Monday, August 11, 2008

Borne Back Ceaselessly into the Past, Part One

So, I'm cleaning up the office and organizing a lot of things in boxes, and waxing nostalgic. I am purging cables, equipment I'm not going to use any more, obsolete software, and hundreds of cassettes. Most of them are just getting tossed -- but I am doing a little preservation work on a few of them.

Over half my life ago, around winter 1986 or 1987 (it may have been 1988 too, I don't have a good memory for dates), I was a student at the College of Wooster. My friend Jim Batman and I got permission from Dr. Dykstra to go in to his office after hours and play around with his Yamaha DX-7. Jim had the keyboard chops and I had a fascination with programming synthesizers. I brought my cassette deck and we recorded the results. We would listen to sounds, and pick one to play with. I would then work on messing with the settings until I had made it my own, and Jim would then improvise a piece using that sound. Then we'd discuss what to call the piece. No silly pompous name was out of the running. I don't recall for certain, but there may have been a six-pack of Killian's Red Ale involved.

Listening to these spontaneous compositions now, I'm struck by a few things. Although the synthesizer sounds are a bit dated, I think they still sound pretty good. The pieces themselves are mostly sketches, but Jim was pretty good on keyboard and they are imaginative. The quality of the cassette recording is good enough that I decided not to bother messing around with noise reduction.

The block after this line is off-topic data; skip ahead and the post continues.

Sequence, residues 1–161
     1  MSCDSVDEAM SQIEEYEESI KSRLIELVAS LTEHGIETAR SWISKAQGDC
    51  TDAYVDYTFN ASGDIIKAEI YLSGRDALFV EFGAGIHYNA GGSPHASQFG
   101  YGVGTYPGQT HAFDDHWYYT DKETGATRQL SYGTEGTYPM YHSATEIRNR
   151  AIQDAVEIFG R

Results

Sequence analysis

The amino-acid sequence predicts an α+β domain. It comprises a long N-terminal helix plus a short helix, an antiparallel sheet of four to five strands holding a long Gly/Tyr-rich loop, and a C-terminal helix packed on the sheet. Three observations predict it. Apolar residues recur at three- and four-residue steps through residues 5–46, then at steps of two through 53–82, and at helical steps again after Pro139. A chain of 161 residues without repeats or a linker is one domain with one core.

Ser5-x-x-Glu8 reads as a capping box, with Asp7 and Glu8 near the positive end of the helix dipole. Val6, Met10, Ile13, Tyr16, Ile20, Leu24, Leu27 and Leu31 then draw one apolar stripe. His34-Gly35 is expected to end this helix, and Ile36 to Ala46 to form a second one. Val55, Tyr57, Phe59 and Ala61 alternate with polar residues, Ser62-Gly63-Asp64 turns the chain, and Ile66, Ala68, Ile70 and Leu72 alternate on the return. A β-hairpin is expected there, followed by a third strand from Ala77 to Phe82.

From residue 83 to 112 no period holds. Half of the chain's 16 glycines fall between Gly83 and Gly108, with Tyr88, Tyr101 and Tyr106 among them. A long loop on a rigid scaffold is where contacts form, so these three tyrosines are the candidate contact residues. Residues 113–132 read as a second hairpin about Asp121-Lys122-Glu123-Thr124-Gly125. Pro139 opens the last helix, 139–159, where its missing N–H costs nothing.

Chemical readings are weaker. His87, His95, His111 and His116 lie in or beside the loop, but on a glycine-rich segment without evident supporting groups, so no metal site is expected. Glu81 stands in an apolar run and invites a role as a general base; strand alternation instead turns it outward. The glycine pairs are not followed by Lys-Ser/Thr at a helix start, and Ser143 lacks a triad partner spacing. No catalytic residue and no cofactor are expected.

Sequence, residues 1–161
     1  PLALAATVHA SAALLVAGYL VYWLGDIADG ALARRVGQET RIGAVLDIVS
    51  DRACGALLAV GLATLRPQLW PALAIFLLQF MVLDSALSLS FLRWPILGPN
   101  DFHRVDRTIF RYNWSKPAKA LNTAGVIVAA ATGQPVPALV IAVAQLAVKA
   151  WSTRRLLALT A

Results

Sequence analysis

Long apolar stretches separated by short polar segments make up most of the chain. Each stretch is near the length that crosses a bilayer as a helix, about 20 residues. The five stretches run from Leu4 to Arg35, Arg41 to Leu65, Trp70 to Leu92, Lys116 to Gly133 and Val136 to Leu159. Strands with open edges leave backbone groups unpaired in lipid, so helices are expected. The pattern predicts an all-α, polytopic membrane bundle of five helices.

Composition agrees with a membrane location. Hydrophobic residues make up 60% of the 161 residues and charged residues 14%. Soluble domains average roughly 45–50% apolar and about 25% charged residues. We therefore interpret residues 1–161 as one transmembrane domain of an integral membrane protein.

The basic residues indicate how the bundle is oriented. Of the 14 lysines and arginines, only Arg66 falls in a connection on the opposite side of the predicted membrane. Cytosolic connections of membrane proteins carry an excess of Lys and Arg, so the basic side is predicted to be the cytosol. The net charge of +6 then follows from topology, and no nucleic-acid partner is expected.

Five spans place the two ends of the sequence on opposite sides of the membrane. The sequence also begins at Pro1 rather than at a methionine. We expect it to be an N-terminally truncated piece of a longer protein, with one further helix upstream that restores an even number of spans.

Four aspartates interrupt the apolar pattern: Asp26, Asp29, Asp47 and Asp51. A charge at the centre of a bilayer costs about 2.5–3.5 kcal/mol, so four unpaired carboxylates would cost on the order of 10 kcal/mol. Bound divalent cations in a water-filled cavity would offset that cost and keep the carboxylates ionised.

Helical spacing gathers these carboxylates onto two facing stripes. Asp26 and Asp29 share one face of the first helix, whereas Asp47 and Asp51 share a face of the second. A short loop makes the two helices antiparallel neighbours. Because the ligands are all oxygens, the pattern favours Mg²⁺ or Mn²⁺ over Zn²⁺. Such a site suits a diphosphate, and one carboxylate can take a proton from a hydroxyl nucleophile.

If you'd like to hear what I'm talking about, you can find the index of individual tracks in MP3 form here. And here is a zip file of the set of 8 songs as MP3 files.

The license issue is confusing. On the one hand, I don't think Jim would object to letting people hear it, so I'm making it available. But on the other hand, I haven't actually been in touch with Jim for many years, so I don't feel like I can speak for him. For now, let's call it my usual Creative Commons license.

It's worth mentioning that there were roots to this spontaneous evening. I know that Jim and I shared an interest in New Age and Industrial music. I still have a cassette called Computer Music from CCRMA, Volume 1, circa 1983. I must have purchased that by mail order back in high school. The compositions on that tape include a piece by John Chowning called Turenas, completed in 1972, using a then-new sound-generation technique called (wait for it)... FM synthesis! Chowning and Stanford licensed the patent to Yahama, and it eventually became the synthesis technique used in the DX-7. Turenas got me interested in all kinds of electronic music, and I suspect that talking about psychoacoustics and the doppler effect and FM synthesis in my college interview helped get me into the College of Wooster way-back-when!

I'd love to find a source for more music from CCRMA. As far as I can tell this cassette is long out of print, and there don't seem to be any CD recordings in print.

And finally, I'd love to hear from Jim!

Friday, August 08, 2008

Being a Parent...